He's the Clown Prince of Crime, but he'll always be the king of comic book supervillains.
The Joker debuted in DC Comics's first issue of Batman in 1940, and in movies and TV he continually sparks iconic performances. Love Cesar Romero in the Batman TV show? We give you Jack Nicholson. No one can top Jack? Here comes Heath Ledger. Heath wins an Oscar? Let's see Jared Leto. (That's when the streak stopped.)
This week, along comes yet another Joker, Joaquin Phoenix, in the bat-villain's self-titled movie, which earned the top prize at the Venice Film Festival and generally positive reviews, although there were a handful of harsh ones. In the era of ever-expanding superhero entertainment, it appears we'll have a new Joker for every generation. There will never be a last laugh.
Behind the cruel jokes and creepy smiles, the Joker is and always will be pure evil, which makes it all the more fascinating that we sometimes cheer him on - or laugh ourselves. Perhaps the Joker's wildness helps balance out Batman's dark whispers.
Here's where The Washington Post ranks each on-screen Joker. Send in the clowns.
8. Jared Leto, Suicide Squad (2016)
Whatever memorable Joker performance Leto could have given was probably left on the cutting room floor. Suicide Squad went through extensive reshoots to lighten up its tone after the bad buzz of Batman v. Superman: Dawn of Justice. The result? Hardly any Joker at all. The Joker wasn't even the main villain in the final act.
The Joker should never be just a side character, which is why this version never clicked. Other than a few flashback scenes with Margot Robbie's Harley Quinn that felt like Batman: The Animated Series and some Instagram-gangsta moments in the club (check out the chrome on that whip, and also the chrome in his grill), this Joker performance was as pointless as the "Damaged" tattoo they put on his face.
7. Zach Galifianakis, The Lego Batman Movie (2017)
Galifianakis' gleeful, kid-friendly Joker was just as adorable as he was crazy - probably the least intimidating version you'll ever see on screen. His major hang-up? That he isn't the No 1 villain in Batman's life, as evidenced by the movie Batman v Superman. As he hollered to Will Arnett's Lego Batman, "Superman's not a bad guy!"
This Joker didn't make it to No 1 on this list either, in part because he's the only one to be outshined by his on-screen Batman, who's much funnier.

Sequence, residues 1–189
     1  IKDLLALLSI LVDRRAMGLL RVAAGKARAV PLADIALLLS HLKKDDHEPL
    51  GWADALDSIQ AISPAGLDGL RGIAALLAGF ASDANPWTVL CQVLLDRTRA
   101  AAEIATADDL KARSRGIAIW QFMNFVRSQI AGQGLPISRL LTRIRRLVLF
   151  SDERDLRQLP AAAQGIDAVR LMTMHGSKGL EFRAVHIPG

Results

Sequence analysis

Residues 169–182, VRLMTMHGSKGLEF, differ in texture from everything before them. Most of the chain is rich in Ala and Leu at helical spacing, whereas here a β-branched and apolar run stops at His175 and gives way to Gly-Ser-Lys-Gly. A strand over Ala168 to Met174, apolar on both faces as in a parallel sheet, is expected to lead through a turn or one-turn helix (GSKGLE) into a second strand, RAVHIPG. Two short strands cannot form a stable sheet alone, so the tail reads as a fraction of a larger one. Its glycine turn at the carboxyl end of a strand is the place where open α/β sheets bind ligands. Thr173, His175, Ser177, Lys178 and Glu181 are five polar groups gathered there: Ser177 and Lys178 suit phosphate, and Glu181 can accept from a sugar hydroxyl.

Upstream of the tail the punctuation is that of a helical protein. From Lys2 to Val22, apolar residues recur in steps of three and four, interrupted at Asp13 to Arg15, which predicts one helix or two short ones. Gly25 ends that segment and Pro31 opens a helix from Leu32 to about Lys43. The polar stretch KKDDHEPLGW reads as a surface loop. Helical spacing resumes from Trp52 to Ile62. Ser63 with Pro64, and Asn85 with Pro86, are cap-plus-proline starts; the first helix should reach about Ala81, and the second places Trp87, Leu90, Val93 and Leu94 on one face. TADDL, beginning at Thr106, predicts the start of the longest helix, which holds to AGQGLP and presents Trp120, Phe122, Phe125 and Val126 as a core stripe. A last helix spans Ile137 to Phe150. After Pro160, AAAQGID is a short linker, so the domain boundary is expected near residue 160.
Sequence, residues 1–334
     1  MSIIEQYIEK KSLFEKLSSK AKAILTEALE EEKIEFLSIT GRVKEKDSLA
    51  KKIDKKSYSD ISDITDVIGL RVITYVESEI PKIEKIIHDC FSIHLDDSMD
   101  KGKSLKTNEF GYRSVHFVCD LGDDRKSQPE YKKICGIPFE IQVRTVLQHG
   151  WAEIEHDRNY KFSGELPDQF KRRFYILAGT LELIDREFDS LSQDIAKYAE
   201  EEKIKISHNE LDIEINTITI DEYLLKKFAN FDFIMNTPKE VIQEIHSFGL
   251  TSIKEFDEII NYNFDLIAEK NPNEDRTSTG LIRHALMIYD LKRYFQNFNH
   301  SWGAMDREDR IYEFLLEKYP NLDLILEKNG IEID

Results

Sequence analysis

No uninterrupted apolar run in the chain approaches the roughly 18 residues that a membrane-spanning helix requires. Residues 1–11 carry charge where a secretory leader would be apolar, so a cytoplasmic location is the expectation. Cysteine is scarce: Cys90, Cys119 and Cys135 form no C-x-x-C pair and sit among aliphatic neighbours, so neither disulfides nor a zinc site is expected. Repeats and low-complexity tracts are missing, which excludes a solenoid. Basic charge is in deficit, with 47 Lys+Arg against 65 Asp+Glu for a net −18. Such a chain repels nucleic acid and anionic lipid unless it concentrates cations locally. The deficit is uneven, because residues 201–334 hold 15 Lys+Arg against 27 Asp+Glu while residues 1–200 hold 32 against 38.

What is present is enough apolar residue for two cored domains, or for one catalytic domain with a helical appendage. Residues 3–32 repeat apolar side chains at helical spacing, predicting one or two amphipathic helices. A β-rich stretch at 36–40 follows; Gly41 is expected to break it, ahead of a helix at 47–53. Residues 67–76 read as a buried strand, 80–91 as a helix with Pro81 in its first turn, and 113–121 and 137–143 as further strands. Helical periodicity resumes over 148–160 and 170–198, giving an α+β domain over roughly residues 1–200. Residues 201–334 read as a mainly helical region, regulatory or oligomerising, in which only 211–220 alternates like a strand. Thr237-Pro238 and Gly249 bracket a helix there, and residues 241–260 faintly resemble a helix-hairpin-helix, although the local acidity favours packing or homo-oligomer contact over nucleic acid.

Probably the least intimidating and downright friendliest Jokers you'll ever see on the screen (after all, his main hang-up is he just wants he and Batman to be bros, and this is a kids movie after all, there are toys to sell), Galifianakis' Joker didn't bask in the darkness so much as he brightened up Gotham City with explosions and glee.
6. Cameron Monoghan, Gotham (2014-2019)
You can say this about Cameron Monoghan: He sure had the grin down.
In Fox's Gotham, the Joker in his purist form can't exist yet because it focuses on Bruce Wayne's adolescence. But Gotham treats us to "Jerome". He's got the face full of mischievous giddiness. The laugh is on point.
Still, Gotham gives us too many moments of is-he-the-Joker-or-isn't-he. Jerome has a twin brother, Jeremiah. And maybe he ends up being the Joker instead. Or maybe not. It's a worthy attempt at a fresh origin story, but it's frustrating to try to figure out.
5. Cesar Romero, Batman TV series (1966-1968)
The first live-action Joker arrived in this campy Adam West series, which allowed him to be one of the silliest on this list. He could escape a prison baseball match with an exploding baseball or challenge Batman to a surfing contest. (He put his swims trunks on over his full-length suit.)
"This life at best is one long practical joke" were the words of advice Romero's Joker gave someone before handing them an exploding cigar.
But nothing was funnier than Romero's refusal to shave off his mustache when applying his Joker makeup on set. All the powder in the world couldn't make Romero's lip look hairless (though it still looked better than the CGI mustache job done on Henry Cavill's Superman half a century later). He probably figured his smile-a-minute performances and devilish laugh were distraction enough from his disdain of shaving.
4. Jack Nicholson, Batman (1989)